Millennials may be entitled, socially negligent, phone addicted snowflakes who are prone to collapse in indulgent ennui.
But we’ll never know.
Werner Heisenberg’s uncertainty principle asserts that we can never tell the position and momentum of a subatomic particle because of how it is affected by our measurement. The Copenhagen interpretation points us to the “ineradicable impact of observation.” If this thought has merit it suggests that we will never understand how X-generation lenses affect our judgement of millennials.
What I do know is that the Gen-Xs and baby boomers do not have 20/20 vision. Had we been blessed with cleaner lenses we might have bequeathed a better political, societal and environmental legacy than the shitty mess we’re handing on.
Perhaps we could consider a more appropriate relationship to our opinions.
Conceivably, anyone who enjoys hobbies and a friendship group, will appear entitled to those who singularly pursue personal advancement. The entitled other is a great comfort to we who offered up our best years as industry fodder and need to believe it was some kind of virtue; it makes it easier to accept that we gave our children stuff in lieu of time when we can write it off as a character flaw in their generation. We can refute any challenge to privatisation, bonus culture, easy mortgages and fee-free education that monetised the inherent value of our society and deposited it into Gen-X bank accounts when we hear it as the complaint of the entitled.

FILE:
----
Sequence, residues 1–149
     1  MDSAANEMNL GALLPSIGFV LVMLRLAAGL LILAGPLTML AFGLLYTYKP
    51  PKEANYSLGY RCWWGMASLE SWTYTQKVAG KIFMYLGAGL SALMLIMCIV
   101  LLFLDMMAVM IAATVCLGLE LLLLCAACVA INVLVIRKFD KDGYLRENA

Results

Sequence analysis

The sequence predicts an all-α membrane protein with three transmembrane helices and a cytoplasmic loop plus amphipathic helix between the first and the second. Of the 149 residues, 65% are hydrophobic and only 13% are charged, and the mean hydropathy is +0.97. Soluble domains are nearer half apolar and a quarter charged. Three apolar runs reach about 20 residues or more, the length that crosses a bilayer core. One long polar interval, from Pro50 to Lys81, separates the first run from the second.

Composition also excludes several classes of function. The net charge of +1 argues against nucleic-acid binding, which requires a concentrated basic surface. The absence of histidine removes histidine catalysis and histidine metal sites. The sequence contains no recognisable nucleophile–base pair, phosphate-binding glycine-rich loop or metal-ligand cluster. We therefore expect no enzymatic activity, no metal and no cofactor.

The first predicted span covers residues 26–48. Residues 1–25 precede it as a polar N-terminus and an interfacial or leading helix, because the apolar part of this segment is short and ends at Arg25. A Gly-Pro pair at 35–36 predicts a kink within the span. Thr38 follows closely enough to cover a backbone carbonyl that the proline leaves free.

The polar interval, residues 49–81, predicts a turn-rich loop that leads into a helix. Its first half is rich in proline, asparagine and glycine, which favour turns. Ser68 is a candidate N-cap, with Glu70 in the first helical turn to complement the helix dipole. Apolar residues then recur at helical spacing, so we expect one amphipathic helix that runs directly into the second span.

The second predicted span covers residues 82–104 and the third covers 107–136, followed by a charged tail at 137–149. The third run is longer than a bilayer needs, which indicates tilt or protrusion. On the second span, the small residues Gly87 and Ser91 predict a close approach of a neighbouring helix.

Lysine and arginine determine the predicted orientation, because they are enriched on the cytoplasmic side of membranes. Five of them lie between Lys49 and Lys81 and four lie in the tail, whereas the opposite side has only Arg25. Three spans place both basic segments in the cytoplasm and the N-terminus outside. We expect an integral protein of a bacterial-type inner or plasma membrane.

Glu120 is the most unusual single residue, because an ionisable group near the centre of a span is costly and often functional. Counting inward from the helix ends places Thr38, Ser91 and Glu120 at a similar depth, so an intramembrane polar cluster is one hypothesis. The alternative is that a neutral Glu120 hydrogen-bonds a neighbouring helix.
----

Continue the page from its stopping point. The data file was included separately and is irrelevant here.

We drum our fingers on the table in Nando’s waiting for our socially negligent Y-gen friends to turn up. We know from their texted, “Soz” that they have been detained by their phones, probably renegotiating their weekend plans with other FOMO-driven twenty-somethings. We ruminate on the sacrifice, possibly work related, that we made to be here at the agreed minute. It doesn’t occur to us that our tardy millennials could be developing a new level of consciousness about technology, social flexibility, responsiveness and web-based collaboration that will be essential for future leaders. There is a rapid escalation of digital complexity, AI and cross-cultural interaction, now. We might better prepare for the 2020’s with a few more Snapchat buddies of our own.
I have started questioning why I change my home every three years, my car every two, constantly refurbish my house and pursue new plateaus in an already over-achieving career. I am reminded of the cartoon of a street artist, sitting watching the morning rush hour, as thousands of suited people dash around him, heads down, elbowing their way to the office. He catches the eye of one of them and, with a wide innocent grin calls out, “Who’s winning?”
Is there a descent into reality we hold ourselves above? Are our goals distraction from the meaninglessness of material pursuit? Maybe the Y-gen collapse into indulgent ennui highlights an emotional courage that we don’t have; too close a look at the X-gen life might bring the whole facade tumbling down. Perhaps we could borrow a little courage from our millennial mentees to ask the tougher existential questions. Are we disturbed by the dark philosophising moods of our juniors because we wonder if we went there, would we ever get back out?
I value the Y-generation, as, in fact, most people do. My exaggerated X-gen caricature is a teasing reminder that when we point the finger, there are three pointing back. I long for the day when the Y-generation gets a crack at joining this severed world back up. Their adept sociability, dispersed awareness over large diverse groups, personal flexibility and techno-curiosity might just be the solution to a world where the gender, pay, cultural and generational gaps seem to be widening.